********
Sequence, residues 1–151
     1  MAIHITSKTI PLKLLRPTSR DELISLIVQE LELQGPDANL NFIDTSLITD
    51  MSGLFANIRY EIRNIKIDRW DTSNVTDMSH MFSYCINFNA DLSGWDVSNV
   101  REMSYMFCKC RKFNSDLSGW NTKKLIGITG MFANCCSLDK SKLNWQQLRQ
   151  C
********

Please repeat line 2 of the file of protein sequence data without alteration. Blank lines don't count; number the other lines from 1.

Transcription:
     1  MAIHITSKTI PLKLLRPTSR DELISLIVQE LELQGPDANL NFIDTSLITD